Slovenia's "erased" citizens set to file new complaints

LJUBLJANA -- The European Court of Human Rights in Strasbourg will receive new complaints filed against Slovenia, in the case of the so-called "erased" citizens.

A view of Ljubljana (Beta/AP, file)
A view of Ljubljana (Beta/AP, file)

The country is facing further legal action against it for allegedly failing to prepare a program of compensation.

The European Court has previously asked Slovenia to, within a legal deadline, prepare a compensation program for the persons which this EU member had erased from the list of its citizens after becoming independent in the early 1990s.

The Italian law firm Lana, which represents the plaintiffs, acted on behalf of 645 people and already in June and July filed a number of complaints against Slovenia to the highest European judicial authority.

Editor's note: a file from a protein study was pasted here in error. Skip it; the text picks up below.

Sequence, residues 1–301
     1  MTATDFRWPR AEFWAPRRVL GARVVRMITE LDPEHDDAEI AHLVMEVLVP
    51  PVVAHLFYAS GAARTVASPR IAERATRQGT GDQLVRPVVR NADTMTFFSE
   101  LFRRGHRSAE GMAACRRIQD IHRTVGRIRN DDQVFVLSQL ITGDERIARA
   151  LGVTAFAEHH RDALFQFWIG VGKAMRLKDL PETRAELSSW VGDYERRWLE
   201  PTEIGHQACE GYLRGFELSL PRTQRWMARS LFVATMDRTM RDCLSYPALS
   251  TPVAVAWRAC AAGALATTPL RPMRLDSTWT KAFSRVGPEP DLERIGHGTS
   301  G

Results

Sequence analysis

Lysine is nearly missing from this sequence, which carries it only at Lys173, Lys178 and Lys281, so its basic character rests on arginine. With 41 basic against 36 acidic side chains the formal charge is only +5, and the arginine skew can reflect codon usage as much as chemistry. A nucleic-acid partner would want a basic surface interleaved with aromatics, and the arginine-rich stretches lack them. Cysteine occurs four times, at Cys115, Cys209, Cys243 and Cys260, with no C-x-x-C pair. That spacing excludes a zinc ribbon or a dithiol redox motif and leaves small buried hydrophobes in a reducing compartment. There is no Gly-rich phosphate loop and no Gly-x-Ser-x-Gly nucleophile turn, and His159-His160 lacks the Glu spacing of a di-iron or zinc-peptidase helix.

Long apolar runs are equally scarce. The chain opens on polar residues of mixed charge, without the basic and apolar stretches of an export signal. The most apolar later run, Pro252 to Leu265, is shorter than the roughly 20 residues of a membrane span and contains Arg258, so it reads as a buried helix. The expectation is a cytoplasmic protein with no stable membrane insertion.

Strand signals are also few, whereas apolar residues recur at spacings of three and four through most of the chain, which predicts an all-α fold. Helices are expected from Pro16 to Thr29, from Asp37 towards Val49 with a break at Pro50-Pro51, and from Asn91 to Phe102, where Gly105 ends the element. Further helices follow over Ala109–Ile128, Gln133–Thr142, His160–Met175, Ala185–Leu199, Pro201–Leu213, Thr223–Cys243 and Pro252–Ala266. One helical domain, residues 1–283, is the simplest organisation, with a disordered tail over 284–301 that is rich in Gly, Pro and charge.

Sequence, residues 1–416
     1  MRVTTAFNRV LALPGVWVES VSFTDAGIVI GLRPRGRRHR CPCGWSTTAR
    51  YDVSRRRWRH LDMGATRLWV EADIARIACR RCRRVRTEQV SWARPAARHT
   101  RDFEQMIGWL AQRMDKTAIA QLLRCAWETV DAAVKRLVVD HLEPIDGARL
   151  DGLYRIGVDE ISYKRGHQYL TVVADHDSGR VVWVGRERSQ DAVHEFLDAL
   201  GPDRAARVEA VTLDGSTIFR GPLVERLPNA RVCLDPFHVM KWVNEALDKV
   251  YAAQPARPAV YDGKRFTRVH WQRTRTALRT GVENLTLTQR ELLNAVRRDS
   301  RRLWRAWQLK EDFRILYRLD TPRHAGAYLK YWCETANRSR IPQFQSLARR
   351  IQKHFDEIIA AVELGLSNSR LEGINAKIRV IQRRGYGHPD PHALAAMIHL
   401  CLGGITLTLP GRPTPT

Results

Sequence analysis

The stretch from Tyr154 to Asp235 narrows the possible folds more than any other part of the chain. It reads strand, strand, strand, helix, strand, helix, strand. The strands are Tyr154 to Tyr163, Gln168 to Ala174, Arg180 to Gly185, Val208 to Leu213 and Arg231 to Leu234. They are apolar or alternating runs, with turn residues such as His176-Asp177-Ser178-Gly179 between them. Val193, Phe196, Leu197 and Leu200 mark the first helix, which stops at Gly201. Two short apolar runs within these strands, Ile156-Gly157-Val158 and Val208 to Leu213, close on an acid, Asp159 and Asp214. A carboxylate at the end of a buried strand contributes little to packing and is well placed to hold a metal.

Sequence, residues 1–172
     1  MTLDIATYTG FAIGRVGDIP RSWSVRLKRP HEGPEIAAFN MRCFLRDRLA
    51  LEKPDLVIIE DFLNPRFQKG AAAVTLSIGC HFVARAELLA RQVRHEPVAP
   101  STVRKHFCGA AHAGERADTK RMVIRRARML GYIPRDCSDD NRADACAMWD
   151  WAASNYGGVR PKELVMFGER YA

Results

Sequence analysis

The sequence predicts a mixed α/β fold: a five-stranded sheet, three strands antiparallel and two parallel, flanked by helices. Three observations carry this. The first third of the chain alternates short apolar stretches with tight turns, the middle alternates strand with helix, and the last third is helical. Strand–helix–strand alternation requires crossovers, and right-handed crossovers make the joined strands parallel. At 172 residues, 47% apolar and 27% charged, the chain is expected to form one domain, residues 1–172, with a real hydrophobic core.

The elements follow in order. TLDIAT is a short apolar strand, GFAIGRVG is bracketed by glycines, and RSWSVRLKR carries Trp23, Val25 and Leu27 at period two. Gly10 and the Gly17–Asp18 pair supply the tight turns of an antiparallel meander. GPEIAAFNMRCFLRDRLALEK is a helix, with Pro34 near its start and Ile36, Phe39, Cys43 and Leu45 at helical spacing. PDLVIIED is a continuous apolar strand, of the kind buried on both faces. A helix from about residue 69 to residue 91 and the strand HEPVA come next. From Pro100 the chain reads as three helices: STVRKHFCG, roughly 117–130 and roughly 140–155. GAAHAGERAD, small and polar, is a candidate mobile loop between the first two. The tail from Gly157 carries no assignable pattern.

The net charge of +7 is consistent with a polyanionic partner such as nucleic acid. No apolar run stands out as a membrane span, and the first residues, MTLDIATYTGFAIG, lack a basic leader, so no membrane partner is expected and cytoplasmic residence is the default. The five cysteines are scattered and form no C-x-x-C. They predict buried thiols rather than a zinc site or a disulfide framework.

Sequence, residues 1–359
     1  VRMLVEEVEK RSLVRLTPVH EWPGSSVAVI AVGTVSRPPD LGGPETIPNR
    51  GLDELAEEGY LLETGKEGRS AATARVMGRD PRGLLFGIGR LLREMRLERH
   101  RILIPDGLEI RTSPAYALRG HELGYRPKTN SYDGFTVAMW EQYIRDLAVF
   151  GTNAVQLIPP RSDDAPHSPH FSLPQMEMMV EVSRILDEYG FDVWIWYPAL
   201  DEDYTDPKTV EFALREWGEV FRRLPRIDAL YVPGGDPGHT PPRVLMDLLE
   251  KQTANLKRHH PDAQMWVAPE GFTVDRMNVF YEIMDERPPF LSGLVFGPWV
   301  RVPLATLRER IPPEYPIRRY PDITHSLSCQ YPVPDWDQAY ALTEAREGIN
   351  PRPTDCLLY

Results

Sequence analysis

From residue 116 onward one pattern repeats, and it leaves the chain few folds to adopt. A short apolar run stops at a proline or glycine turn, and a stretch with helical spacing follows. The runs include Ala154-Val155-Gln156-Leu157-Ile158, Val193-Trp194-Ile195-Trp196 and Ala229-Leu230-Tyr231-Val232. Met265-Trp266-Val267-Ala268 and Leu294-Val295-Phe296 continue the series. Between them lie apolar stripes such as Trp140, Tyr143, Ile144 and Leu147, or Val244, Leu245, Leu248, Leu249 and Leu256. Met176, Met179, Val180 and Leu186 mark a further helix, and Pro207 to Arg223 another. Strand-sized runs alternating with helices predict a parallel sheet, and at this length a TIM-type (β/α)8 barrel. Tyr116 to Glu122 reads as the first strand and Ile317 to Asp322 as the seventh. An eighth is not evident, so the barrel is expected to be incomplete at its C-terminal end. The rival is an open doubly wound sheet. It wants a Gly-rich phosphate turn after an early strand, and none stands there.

On February 22, 1992 Slovenia erased from the register of permanent residents 25,671 persons, which, as judged by the European Court, violated their human rights. Of this number, about one half in the meantime managed to regulate their status.

Representative of the Slovenian Ministry of Internal Affairs Mirjana Gotal said that the country's government in July adopted a draft law on compensations and sent it to parliament, which is expected to consider it at the next sitting in September.

She told the Ljubljana daily Delo that the European Parliament committee in charge of supervising the judgment of the Court of Human Rights in Strasbourg will review the case Kurić, et al. v. Slovenia.

According to the proposed bill, the "erased" were offered compensation of EUR 30 for each month that they spent having unsolved citizenship status.

After talks with Interior Minister Gregor Virant this figure was increased to EUR 40, but the plaintiffs did not accept it, and instead wish the number to be equal to the monthly social benefits given in Slovenia at the time.